Proper cleaning of MTCs and Ambulancesby Dion Siluch
There are a couple factors to keep in mind when we are cleaning these types of industrial response units. Because of their remote locations, non-sterile environments and distances from hospitals, it is not possible to keep these units 100% bacteria free and sterile.
In the case of OHS Code of Alberta, MTCs and industrial ambulances must be kept “clean and sanitary” under Schedule 2 – Table 4 – 1(f).
Note the use of the word “sanitary” not to be mixed up with the word “sterile”. There seems to be some confusion between the 2 terms. So, in an effort to clear things up, I’ve included a couple of definitions to keep in mind:
Sanitize – To render sanitary, or free from elements, such as filth or pathogens that endanger health. This does not mean ALL possible microorganisms. MOST sanitizing does not remove ALL bacteria, microorganisms, etc.
Sterilize – to render sterile, or to make free from ALL live bacteria or other microorganisms. Kind of a “kill everything” approach to microorganisms.
Keep in mind that something that is sterilized can also be considered sanitary, but something that is sanitized is not sterile.
By these 2 definitions, we can start to dive into the cleaning requirements for these industrial response vehicles need in order to comply with OHS standards.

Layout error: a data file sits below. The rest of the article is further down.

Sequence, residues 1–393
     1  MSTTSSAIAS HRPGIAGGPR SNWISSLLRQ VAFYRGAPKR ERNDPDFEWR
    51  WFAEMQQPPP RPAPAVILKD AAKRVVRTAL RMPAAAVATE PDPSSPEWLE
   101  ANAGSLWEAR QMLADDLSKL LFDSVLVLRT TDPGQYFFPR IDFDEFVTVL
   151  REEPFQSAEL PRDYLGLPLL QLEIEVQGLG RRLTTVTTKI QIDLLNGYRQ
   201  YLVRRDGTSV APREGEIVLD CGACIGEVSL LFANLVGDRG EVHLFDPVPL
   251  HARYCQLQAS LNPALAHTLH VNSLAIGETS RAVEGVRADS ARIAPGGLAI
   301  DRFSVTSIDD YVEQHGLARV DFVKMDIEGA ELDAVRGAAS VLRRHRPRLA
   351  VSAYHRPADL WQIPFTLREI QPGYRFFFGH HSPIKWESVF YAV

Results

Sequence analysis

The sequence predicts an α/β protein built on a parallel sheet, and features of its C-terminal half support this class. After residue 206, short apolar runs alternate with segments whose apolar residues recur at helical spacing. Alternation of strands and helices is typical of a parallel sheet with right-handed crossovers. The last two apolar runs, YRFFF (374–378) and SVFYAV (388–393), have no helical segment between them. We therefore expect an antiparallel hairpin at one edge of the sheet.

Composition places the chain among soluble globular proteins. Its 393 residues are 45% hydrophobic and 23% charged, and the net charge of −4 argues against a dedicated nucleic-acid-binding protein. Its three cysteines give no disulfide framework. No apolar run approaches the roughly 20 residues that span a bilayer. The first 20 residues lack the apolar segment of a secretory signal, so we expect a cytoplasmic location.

Lets start with Timing:
How often should we clean the inside of our industrial response units?
The first thing we should look at is the exposure to dust and particles. As good practice, if the unit is traveling daily i.e driving to location and back every day, then the interior should be cleaned every day or shift. Driving on dusty roads, movement of objects inside and the vibrations of the cab can cause a layer of dust to build up on the surfaces of potential working space.
If however, the unit is stationary for weeks or months at a time, a good practice would be to clean all surfaces and potentially unsanitary areas every week. This leaves no room for error when an emergency might need immediate attention.
Next, we should look at Products:
2 types of products will typically achieve the desired sanitary result for industrial response units. Soap and Disinfectant.
Using soap is the most effective way to remove dirt and grease from floors and walls. Grabbing a mop bucket and a clean hand towel will ensure you can wipe down all the non-critical areas of the interior. Not to be mistaken for disinfectant, the purpose of soap is to break dow and remove large quantities of dirt, grease, grime and other hard to break down materials.
Second, we will use disinfectant. This is done by spraying or applying a layer of disinfectant on critical surfaces, leaving for a few minutes as the instructions on the product indicate and wiping clean with paper towel. This kills all the germs and microorganisms that may be hiding on these surfaces. This should be used on countertops, handles, sinks, buttons or switches, cupboards, mattresses and any other surface the may come in direct or indirect skin contact.
Using these techniques and a proper amount of time, compliance with OHS standards can be a very simple task. Unlike strict rules set out by hospitals and emergency rooms, we some leeway to how intensive our cleaning and disinfecting procedures become. It is impossible to keep the same standard with all the elements these units face but proper education we can minimize a majority post injury infection in emergency services.